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Live Review: Megadeth, Children Of Bodom

17 October 2015 | 2:01 pm | Gareth Williams

"Megadeth are still a metal force to be reckoned with."

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Signs looked good for opening act Children Of Bodom as the restless Metro City crowd started an early chant of "Bodom, Bodom" and it wasn’t long before the waiting masses were rewarded.

The man of a thousand Flying Vs, Alexi Laiho, along with his Finnish countrymen, treated Perth to their own brand of melodic death-metal. They kept it simple for an opening act, playing a mix of old favourites and a couple of songs off their new album I Worship Chaos.  Strong visuals complemented a strong and technically brilliant set.

Dave Mustaine needs no introductions (mostly because he’ll do that himself) and that's how Megadeth starts their set with the brilliant Hanger 18. Clever use of visuals via three video screens enhanced the sonic sledgehammer that battered the packed venue as the American quartet tore through a set of favourites which included Wake Up Dead, Sweating Bullets and Public Enemy No 1.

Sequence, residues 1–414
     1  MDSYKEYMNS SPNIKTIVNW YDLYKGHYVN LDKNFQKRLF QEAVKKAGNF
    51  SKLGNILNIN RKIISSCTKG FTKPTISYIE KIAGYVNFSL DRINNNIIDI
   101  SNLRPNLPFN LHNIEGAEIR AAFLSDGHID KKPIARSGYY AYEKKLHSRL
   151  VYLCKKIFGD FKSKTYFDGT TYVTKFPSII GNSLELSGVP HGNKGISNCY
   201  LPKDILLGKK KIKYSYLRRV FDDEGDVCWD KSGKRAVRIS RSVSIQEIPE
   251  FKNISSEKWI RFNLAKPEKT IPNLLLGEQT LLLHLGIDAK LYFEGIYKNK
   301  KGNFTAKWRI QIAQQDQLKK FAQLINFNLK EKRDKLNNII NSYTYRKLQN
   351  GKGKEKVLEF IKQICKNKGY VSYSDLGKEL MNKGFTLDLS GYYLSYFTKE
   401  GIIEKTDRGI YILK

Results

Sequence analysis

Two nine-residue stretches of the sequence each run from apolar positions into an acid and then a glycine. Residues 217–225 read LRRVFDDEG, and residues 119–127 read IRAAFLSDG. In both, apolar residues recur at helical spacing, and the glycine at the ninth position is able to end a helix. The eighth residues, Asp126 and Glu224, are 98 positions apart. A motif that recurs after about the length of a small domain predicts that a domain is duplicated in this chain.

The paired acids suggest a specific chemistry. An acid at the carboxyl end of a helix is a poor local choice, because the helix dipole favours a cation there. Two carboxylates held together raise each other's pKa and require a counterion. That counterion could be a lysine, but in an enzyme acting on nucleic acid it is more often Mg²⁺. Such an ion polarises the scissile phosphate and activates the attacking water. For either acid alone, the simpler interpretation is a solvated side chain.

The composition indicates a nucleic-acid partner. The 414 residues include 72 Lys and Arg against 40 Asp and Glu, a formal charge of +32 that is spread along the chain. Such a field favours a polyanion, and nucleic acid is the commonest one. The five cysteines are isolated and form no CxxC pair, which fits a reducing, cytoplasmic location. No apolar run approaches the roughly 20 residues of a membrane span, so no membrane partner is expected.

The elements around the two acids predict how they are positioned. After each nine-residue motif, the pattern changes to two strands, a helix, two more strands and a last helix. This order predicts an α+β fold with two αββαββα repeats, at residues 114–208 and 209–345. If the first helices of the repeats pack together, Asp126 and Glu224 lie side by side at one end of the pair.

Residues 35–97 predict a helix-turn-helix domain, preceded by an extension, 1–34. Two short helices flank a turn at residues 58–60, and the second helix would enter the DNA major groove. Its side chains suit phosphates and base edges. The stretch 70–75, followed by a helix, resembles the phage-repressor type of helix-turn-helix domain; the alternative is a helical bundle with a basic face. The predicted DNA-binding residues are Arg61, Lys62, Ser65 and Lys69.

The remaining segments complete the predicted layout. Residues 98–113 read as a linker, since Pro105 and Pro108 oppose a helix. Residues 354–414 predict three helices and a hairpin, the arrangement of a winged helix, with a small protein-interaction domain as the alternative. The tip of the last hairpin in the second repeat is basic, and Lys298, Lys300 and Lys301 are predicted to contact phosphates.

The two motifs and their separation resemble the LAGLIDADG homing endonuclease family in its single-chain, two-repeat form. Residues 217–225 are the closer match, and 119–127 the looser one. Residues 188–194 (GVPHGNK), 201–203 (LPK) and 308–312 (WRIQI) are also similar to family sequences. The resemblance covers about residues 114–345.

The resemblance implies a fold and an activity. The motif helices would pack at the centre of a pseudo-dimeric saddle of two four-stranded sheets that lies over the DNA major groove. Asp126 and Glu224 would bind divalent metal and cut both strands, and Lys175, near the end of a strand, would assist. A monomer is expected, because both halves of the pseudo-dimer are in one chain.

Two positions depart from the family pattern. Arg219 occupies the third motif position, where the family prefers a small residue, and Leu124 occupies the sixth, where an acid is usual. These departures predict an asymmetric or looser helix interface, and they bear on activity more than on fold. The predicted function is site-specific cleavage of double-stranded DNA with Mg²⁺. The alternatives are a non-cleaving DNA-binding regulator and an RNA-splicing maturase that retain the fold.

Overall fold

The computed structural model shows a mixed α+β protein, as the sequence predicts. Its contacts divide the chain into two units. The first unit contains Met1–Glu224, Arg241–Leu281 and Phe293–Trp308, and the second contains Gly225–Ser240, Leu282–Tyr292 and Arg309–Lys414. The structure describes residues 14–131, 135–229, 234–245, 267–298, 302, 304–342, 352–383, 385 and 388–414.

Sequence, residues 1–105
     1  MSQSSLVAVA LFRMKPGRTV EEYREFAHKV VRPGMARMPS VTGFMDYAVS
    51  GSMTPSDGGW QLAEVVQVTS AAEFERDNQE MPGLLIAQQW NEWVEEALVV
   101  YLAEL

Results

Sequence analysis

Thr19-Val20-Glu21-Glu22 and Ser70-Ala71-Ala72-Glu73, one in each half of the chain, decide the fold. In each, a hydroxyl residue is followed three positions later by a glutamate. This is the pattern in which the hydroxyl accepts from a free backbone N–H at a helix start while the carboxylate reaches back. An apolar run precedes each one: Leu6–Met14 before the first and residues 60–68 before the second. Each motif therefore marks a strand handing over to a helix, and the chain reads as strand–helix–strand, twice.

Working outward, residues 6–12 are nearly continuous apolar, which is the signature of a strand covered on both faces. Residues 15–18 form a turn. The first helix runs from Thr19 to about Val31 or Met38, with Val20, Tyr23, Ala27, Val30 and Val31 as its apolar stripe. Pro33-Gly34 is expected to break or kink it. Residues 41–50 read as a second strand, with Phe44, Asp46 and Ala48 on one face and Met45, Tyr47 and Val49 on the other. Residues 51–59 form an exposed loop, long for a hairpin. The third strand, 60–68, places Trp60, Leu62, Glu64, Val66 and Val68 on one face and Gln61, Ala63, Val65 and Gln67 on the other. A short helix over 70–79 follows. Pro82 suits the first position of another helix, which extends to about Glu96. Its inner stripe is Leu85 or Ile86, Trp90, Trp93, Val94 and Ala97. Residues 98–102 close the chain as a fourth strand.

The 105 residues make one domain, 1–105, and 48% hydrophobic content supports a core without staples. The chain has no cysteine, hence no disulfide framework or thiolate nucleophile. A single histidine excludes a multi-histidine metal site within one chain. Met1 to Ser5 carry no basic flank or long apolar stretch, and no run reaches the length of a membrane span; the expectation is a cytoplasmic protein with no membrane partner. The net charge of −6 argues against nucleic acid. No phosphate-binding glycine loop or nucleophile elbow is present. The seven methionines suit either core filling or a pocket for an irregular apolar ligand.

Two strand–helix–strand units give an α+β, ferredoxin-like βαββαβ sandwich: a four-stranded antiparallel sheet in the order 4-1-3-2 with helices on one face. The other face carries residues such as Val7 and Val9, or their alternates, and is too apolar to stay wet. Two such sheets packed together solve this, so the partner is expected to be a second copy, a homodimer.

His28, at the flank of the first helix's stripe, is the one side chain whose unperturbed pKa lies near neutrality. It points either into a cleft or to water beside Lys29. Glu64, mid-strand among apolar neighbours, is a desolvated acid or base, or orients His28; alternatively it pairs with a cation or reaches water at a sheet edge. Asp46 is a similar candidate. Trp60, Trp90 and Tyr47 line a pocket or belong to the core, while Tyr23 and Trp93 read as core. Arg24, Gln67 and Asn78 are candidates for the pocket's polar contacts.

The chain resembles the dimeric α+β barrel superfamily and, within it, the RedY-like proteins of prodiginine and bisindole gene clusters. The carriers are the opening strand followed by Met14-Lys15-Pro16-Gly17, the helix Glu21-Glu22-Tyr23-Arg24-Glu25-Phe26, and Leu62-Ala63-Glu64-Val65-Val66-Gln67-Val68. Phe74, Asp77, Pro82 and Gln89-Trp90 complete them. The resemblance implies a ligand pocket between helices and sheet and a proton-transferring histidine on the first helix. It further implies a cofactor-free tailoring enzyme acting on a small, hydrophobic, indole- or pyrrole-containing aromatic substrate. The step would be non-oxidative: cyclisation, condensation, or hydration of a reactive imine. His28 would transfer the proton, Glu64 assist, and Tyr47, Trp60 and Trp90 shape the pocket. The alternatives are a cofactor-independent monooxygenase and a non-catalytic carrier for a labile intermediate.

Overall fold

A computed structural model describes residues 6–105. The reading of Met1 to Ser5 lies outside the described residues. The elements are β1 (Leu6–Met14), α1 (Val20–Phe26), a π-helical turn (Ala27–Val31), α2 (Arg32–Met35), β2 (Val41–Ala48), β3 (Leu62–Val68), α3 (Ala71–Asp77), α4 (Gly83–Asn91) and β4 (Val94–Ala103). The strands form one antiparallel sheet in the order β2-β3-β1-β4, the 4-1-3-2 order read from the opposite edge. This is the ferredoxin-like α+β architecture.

Bass player (and the other Dave) Dave Ellesfon and drummer Chris Adler showcased their chops with Dawn Patrol. Drum and Bass never sounded so good, although bizarrely Mustaine’s vocals were supplied via backing track with the two musicians having the stage to themselves. Guitarist Kiko Loureiro and Mustaine soon appeared and the band was back together to continue the trash onslaught that included a cover of the Thin Lizzy classic Cold Sweat, although not having been blessed with the best vocal range Mustaine really did the song justice.

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Megadeth mascot Vic Rattlehead made an appearance for Peace Sells but unlike that other legendary heavy metal mascot Eddie, Vic didn’t interact with the band but threw up horns and fists to the audience for a few minutes before leaving the stage. It was hard to see what the point was. It’s a bit of a strange leftover from the '80s that is probably best left there.

Fatal Illusion from the upcoming album Dystopia gave us a taste of things to come, and what’s coming sounds very good indeed, the track receiving more than the polite applause usually reserved for untested live premieres. The introduction of the night’s closing track, Holy Wars, gave us a glimpse into Mustaine's highly polarising political views, but given it was a tiny glimpse, the music did the talking.

The lights came up, the dust settled and the bruised, battered and sweaty mosh pit mass (as well as everyone else in the packed venue) were left in no doubt. Megadeth are still a metal force to be reckoned with.